After helping the Texas Army capture the city of Goliad, Milam went on a reconnaissance mission to the southwest but returned to join the army for its planned attack on San Antonio-only to learn that the generals were postponing the attack on San Antonio for the winter. Aware that Santa Ana’s forces were racing toward Texas to suppress the rebellion, Milam worried that any hesitation would spell the end of the revolution. Milam made an impassioned call for volunteers, asking: “Who will go with old Ben Milam into San Antonio?”

Inspired by Milam’s bold challenge, three hundred men did volunteer, and the Texas Army began its attack on San Antonio at dawn on December 5. By December 9, the defending forces of the Mexican army were badly beaten, and the commanding general surrendered the city. Milam, however, was not there to witness the results of his leadership–he was killed instantly by a sniper bullet on December 7. If Milam had survived, he might well have been among the doomed defenders of the Alamo that were wiped out by Santa Ana’s troops the following March.

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“The Charge of the Light Brigade” by Alfred Lord Tennyson is published


Updated:
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Year
1854
Month Day
December 09

On December 9, The Examiner prints Alfred Lord Tennyson’s poem “The Charge of the Light Brigade,” which commemorates the courage of 600 British soldiers charging a heavily defended position during the Battle of Balaklava, in the Crimea, just six weeks earlier. Tennyson had been named poet laureate in 1850 by Queen Victoria.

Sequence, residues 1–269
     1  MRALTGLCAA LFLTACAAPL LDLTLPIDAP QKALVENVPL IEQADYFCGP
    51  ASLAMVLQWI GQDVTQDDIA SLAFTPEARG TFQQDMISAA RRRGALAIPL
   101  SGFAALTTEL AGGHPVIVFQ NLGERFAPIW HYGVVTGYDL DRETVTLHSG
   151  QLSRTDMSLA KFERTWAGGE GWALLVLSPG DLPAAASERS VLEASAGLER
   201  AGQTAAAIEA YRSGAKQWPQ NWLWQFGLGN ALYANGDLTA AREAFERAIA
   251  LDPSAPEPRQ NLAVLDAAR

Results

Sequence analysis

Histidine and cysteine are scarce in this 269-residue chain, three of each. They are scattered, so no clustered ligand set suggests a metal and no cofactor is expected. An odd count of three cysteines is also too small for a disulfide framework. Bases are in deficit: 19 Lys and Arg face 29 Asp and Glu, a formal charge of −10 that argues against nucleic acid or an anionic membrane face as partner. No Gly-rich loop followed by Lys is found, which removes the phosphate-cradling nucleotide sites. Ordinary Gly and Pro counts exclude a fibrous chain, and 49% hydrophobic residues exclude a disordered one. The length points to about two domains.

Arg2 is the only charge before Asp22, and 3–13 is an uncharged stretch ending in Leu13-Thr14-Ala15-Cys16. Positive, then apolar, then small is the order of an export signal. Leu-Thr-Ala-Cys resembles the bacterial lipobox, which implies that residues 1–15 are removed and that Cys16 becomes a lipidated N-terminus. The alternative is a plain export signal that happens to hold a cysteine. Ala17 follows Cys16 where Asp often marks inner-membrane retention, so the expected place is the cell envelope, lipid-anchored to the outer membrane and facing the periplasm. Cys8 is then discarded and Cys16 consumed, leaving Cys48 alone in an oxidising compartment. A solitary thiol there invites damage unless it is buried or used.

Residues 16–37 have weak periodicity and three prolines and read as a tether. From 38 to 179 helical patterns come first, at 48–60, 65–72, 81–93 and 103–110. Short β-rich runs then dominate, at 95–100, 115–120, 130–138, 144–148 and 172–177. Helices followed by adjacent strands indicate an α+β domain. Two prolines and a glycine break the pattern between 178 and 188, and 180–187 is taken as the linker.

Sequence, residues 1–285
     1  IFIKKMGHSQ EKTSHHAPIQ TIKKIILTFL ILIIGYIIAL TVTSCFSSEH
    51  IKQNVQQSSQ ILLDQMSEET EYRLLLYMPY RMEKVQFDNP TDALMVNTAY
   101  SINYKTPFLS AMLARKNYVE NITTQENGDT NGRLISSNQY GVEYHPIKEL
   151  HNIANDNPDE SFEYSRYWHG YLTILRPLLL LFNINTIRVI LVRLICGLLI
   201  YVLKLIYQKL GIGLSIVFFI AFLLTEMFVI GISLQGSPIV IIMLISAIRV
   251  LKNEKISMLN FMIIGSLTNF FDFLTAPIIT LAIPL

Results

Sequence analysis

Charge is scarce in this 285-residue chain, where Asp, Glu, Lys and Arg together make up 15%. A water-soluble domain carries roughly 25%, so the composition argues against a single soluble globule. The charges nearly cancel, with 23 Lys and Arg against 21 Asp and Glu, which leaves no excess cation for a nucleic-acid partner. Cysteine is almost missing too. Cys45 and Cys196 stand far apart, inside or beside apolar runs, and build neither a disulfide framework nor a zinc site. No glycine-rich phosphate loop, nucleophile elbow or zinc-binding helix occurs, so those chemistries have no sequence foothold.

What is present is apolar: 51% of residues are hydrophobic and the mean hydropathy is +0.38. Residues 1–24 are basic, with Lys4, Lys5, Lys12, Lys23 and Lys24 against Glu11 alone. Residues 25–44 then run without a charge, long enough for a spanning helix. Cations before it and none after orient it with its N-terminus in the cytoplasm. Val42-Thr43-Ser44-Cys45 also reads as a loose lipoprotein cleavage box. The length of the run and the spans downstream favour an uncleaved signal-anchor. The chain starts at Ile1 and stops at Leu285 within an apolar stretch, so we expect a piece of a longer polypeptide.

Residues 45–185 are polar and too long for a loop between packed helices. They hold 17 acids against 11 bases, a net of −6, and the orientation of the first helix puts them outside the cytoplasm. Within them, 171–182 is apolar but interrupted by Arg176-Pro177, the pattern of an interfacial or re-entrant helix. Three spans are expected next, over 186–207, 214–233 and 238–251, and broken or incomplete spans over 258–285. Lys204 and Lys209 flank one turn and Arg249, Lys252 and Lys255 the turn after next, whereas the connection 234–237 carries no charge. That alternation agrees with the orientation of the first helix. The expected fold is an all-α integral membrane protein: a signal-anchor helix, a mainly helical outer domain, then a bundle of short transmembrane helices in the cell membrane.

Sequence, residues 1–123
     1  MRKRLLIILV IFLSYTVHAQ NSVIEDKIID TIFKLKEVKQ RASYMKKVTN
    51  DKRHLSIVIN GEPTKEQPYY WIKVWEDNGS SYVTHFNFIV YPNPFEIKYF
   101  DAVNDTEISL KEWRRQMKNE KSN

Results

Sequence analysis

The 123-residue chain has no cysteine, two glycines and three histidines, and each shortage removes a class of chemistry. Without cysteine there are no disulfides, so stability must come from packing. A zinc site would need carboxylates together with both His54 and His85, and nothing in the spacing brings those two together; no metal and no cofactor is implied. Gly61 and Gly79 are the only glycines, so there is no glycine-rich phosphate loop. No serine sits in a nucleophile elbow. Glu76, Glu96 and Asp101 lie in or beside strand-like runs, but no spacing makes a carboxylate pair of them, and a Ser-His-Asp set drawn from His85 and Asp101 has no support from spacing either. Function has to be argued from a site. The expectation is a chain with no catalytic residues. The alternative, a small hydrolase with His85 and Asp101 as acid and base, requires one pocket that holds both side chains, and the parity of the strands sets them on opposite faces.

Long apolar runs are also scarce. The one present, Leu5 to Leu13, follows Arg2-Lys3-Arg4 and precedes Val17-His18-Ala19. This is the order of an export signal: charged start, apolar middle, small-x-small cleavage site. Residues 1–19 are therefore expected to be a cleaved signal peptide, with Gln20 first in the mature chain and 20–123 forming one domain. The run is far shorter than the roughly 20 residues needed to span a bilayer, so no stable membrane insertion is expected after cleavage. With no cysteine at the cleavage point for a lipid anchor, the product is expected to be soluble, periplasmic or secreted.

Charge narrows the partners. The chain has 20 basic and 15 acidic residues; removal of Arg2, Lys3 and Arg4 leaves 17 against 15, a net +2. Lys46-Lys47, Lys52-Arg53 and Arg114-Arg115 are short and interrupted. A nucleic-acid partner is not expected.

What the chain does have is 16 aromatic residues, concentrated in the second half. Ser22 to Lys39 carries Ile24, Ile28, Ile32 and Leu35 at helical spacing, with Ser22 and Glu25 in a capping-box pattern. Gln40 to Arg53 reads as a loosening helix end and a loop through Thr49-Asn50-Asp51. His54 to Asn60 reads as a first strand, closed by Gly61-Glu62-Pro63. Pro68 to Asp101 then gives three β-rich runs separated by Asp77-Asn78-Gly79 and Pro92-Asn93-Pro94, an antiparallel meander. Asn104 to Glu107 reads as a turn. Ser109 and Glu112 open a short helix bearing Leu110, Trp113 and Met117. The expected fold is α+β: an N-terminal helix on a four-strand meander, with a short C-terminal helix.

Tennyson was born into a chaotic and disrupted home. His father, the eldest son of a wealthy landowner, was disinherited in favor of his younger brother. Forced to enter the church to support himself, the Reverend Dr. George Tennyson became a bitter alcoholic. However, he educated his sons in the classics, and Alfred Tennyson, the fourth of 12 children, went to Trinity College at Cambridge in 1827. The same year, he and his brother Charles published Poems by Two Brothers. At Cambridge, Tennyson befriended a circle of intellectual undergraduates who strongly encouraged his poetry. Chief among them was Arthur Hallam, who became Tennyson’s closest friend and who later proposed to Tennyson’s sister.

In 1830, Tennyson published Poems, Chiefly Lyrical. The following year, his father died, and he was forced to leave Cambridge for financial reasons. Besieged by critical attacks and struggling with poverty, Tennyson nevertheless remained dedicated to his work and published several more volumes.

The sudden death of Tennyson’s dear friend Arthur Hallam in 1833 inspired several important works throughout Tennyson’s later life, including the masterful In Memoriam of 1842. Later that year, he published a volume called Poems, containing some of his best works. The book boosted Tennyson’s reputation, and in 1850 Queen Victoria named him poet laureate. At long last, Tennyson achieved financial stability and finally married his fiancée, Emily Sellwood, whom he had loved since 1836.